5

ii) For any j ∈ Zd , the kernel (Ktd,h )j is positive. iii) The map j ∈ Z 7→ (Kt1,h )j is increasing for j ≤ 0 and decreasing for j ≥ 0. iv) For any a = (a1 , a2 , . . . , ad ) ∈ Zd and b = (b1 , b2 , . . . , bd ) ∈ Zd satisfying |a1 | ≤ |b1 |, |a2 | ≤ |b2 |, . . . , |ad | ≤ |bd |, the following holds

(Ktd,h )b ≤ (Ktd,h )a .

The long time behaviour of the kernel Ktd,h is similar to the one of its continuous counterpart. Theorem 4. Let p ∈ [1, ∞]. Then there exists a positive constant c(p, d) such that kKtd,h klp (hZd ) ≤ c(p, d) t−d/2 (1−1/p) (7) holds for all positive times t, uniformly on h > 0. Once Theorem 4 is proved, Young’s inequality provides the decay rates of the solutions of equation (3) as stated in Theorem 1. d,1 Proof (of Theorem 4). A scaling argument shows that (Ktd,h )j = (Kt/h 2 )j , reducing the proof to the case h = 1. In the sequel we consider the band limited interpolator of the sequence Ktd,1 (cf. [12], Ch. I, p. 13): Z 1 K∗d (t, x) = eix·ξ e−tp1 (ξ) dξ. (8) (2π)d [−π,π]d

In [9] the authors prove the existence of a positive constant A such that for any function f with its Fourier transform supported in the cube [−π, π]d the following holds: Z X p d |f (j)| ≤ A |f (x)|p dx, p ≥ 1. (9) j∈Zd

Rd

This reduces (7) to similar estimates on the Lp (Rd )-norm of K∗d . The interpolator K∗d satisfies kDα K∗d (t, ·)kLp (R) ≤ c(α, p, d) t−|α|/2−d/2 (1−1/p)

(10)

for any multiindex α = (α1 , . . . , αd ) and 1 ≤ p ≤ ∞. Using (5) and (8), we reduce (10) to the one dimensional case. We consider the cases p = 1 and p = ∞. The general case, 1 < p < ∞, follows by the H¨older inequality. The case p = ∞ easily follows by the rough estimate: µ ¶ Z π 1 2 ξ α α 1 |ξ| exp −4t sin dξ ≤ c(α) t−(α+1)/2 . kD K∗ (t, ·)kL∞ (Rd ) ≤ 2π −π 2

6

Liviu I. Ignat

Finally, we apply Carlson-Beurling’s inequality (cf. [1] and [2]): kb akL1 (R) ≤ (2kakL2 (R) ka0 kL2 (R) )1/2 to the function a(ξ) = |ξ|α exp(−4t sin2 ξ/2). We obtain the existence of a positive constant C such that for all t > 0, kK∗1 (t)kL1 (R) ≤ C. This proves Theorem 4.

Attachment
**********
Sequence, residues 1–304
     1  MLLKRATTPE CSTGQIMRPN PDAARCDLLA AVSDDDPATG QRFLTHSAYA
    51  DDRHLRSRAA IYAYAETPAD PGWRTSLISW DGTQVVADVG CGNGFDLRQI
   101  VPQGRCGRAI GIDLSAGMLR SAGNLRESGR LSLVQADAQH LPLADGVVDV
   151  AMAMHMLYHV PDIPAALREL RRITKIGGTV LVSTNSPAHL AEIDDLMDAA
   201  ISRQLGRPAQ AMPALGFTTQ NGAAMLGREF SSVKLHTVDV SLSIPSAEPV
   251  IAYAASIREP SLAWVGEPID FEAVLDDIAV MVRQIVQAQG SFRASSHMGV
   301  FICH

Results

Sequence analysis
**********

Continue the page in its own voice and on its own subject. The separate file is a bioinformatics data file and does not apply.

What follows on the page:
u t

Now we sketch the proof of Theorem 2. Proof (of Theorem 2). First, a scaling argument reduces the proof to the case h = 1. We consider the cases p = 1 and p = ∞, the other cases follow by interpolation. The solution u1 (t) of equation (3) is given by: X u1j (t) = (Ktd,1 ∗ ϕ1 )j = (Ktd,1 )j−n ϕ1n . n∈Zd

Let us introduce the sequence {aj (t)}j∈Zd as follows ³ ´ X X aj (t) = u1 (t) − Ktd,1 ϕ1n = u1j (t) − (Ktd,1 )j ϕ1n =

(Ktd,1 )j−n ϕ1n

n∈Zd

=

j

n∈Zd

X X

ϕ1n

³



(Ktd,1 )j

X

n∈Zd

ϕ1n

n∈Zd

(Ktd,1 )j−n



(Ktd,1 )j

´

.

n∈Zd

In the sequel we denote by c a constant that may change from one line to another. It remains to prove that sup |aj (t)| ≤ c t−(d+1)/2 kϕ1 kl1 (Zd ,|x|)

j∈Zd

and

X

|aj (t)| ≤ c t−1/2 kϕ1 kl1 (Zd ,|x|) .

j∈Zd

The Taylor formula applied to the function K∗d gives us Z K∗d (t, j − n) − K∗d (t, j) =

1

X

0 |α|=1

Dα K∗d (t, j − sn)(−n)α ds.

As a consequence, for any j ∈ Zd the sequence aj (t) satisfies

(11)

Qualitative Properties of a Numerical Scheme for the Heat Equation

|aj (t)| ≤

X

|ϕ1n |

n∈Zd

≤c

X Z |α|=1

X

|ϕ1n ||n|

n∈Zd

=c

X

1

|nα ||Dα K∗d (t, j − sn)|ds

0

X Z

|α|=1

X

|ϕ1n ||n|

n∈Zd

7

1 0

|Dα K∗d (t, j − sn)|ds

bα j,n (t).

(12)

|α|=1

To prove inequality (11), which corresponds to p = ∞, it is sufficient to show that −(d+1)/2 bα j,n (t) ≤ c t for all indices α with |α| = 1. Inequality (10) shows that α d −|α|/2−d/2 bα = c t−(d+1)/2 . j,n (t) ≤ kD K∗ (t)kL∞ (Rd ) ≤ c t